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US 2020

The most extraordinary rise and rise of Democrats’ newest star, Mayor Pete Buttigieg

The most extraordinary rise and rise of Democrats’ newest star, Mayor Pete Buttigieg
Mayor Pete Buttigieg (R), of South Bend, Indiana, who has been mentioned as a possible 2020 presidential candidate, talks with reporters after addressing the National Action Network’s annual national convention in New York, New York, USA, 04 April 2019.EPA-EFE/JUSTIN LANE

Although there is well over a year before the next US presidential election, Pete Buttigieg, the openly gay mayor of a mid-sized Midwestern city, South Bend, Indiana, is making waves as a thoughtful, articulate candidate – and he is still only 37 years old.

It seems almost impossible to believe, but the 2020 US presidential election process is already well and truly underway. Numerous senators, congresspeople, former officials, and one mayor are already officially declared as candidates, or are on the verge of making their announcements. The first caucus state, Iowa, and the first primary votes are actually only about 10 months off into the future. But even more crucial right now are the competitions for fundraising for the upcoming campaigns and gaining positive exposure before appreciative live and televised audiences.

People like independent democratic socialist Senator Bernie Sanders, Democratic Senators Kamala Harris, Cory Booker, Elizabeth Warren, and Kirsten Gillibrand, several current and former members of the lower house like Beto O’Rourke, among others, have already staked their claim to be considered as the logical leader of their party in the coming general election. But two other men, very different in experience, age, and even temperament, have been gaining much of the attention.

Former Vice President Joe Biden, a silver-haired 76-year-old, seemingly in fighting trim, continues to perch on the cusp of deciding whether or not to take one last chance for the brass ring, following decades as a senator, vice president and twice unsuccessful presidential candidate (1988 and 2008). But in the past week or so, he has been dogged by a string of accusations that he has been rather more than a bit too touchy-feely with female supporters and attendees at meetings, even if no one is charging him with making actual unwanted, overt sexual overtures – let alone the adulterous, transactional relationships in the unapologetic style of the current president. Biden’s behaviour has been part of the up close, hands-on style he has always showed through his entire political life, but he is now taking flak over this behaviour as something now thoroughly out of place in the “Me Too” age.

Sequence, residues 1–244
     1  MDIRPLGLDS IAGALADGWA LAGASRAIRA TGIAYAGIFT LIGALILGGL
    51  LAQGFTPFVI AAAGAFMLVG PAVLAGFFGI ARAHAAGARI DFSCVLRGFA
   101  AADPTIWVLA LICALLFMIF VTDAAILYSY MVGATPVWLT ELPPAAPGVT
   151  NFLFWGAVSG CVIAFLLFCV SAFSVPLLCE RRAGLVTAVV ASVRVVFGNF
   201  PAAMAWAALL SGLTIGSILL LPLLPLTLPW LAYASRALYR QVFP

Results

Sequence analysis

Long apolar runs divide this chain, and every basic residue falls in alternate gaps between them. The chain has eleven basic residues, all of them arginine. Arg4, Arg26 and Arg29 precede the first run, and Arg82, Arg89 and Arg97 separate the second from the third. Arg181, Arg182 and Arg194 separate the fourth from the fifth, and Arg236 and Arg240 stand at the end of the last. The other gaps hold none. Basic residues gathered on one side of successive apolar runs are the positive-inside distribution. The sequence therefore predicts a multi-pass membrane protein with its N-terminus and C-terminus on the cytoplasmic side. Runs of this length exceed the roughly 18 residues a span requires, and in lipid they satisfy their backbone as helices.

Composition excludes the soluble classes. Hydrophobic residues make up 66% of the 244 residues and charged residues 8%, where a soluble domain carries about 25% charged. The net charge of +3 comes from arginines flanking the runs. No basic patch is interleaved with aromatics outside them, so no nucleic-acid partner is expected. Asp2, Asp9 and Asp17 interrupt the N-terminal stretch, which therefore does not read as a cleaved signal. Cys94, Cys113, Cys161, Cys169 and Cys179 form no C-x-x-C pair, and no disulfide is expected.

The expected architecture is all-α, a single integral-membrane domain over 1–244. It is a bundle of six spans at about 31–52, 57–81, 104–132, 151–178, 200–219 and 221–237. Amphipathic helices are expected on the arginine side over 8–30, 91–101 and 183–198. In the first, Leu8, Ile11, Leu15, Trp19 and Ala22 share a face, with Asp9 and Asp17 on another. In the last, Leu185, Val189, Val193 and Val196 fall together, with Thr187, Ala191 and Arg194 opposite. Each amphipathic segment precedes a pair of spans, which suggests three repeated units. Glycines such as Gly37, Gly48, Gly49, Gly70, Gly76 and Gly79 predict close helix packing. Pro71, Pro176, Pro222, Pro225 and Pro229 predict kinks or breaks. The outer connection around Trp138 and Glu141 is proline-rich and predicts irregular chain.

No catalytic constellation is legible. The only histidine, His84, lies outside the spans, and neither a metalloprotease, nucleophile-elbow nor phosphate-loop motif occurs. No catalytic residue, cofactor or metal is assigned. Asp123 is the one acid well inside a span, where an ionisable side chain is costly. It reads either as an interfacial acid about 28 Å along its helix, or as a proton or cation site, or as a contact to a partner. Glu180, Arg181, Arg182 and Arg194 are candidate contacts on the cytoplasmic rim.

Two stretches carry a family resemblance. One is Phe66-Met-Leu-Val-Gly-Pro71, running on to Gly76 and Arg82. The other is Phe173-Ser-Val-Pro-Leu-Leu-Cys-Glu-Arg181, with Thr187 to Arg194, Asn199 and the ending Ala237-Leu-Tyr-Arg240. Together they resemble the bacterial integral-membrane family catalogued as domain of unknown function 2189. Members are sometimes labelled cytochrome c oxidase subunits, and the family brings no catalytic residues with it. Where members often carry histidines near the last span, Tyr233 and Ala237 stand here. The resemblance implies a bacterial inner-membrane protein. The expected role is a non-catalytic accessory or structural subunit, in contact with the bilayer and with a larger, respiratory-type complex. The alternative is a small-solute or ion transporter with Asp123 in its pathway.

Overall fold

But the second man is the incumbent mayor of the South Bend, Indiana – Peter Buttigieg.

Who is that?” we can just about hear our readers saying.

Buttigieg is just 37 years old, but he has a lot under his belt. He studied at Harvard, has been a Rhodes scholar, served as a naval intelligence analyst in Afghanistan, worked as a management analyst/consultant at McKinsey, learned a handful of languages (including Arabic and a self-taught competence in Norwegian), and is now serving his second term as South Bend’s mayor. That city has around 100,000 residents and its greater metropolitan area makes it the fourth largest in the state of Indiana.

Oh, and did we mention that Buttigieg publicly came out as gay some four years ago, and then got married? A few months later he was reelected with 80% of the vote. Indiana is a relatively strong conservative state and was “blessed” by many years of governorship by Mike Pence.

Buttigieg lives in a house close to the home he grew up in as a child. Both parents were professors at the University of Notre Dame and his father is of Maltese origin. He graduated magna cum laude from Harvard with a BA in history and literature. He wrote his thesis on the influence of puritanism on US foreign policy, as reflected in Graham Greene’s novel The Quiet American. He received a first-class honours degree in philosophy, politics and economics from Pembroke College, Oxford, where he was a Rhodes Scholar.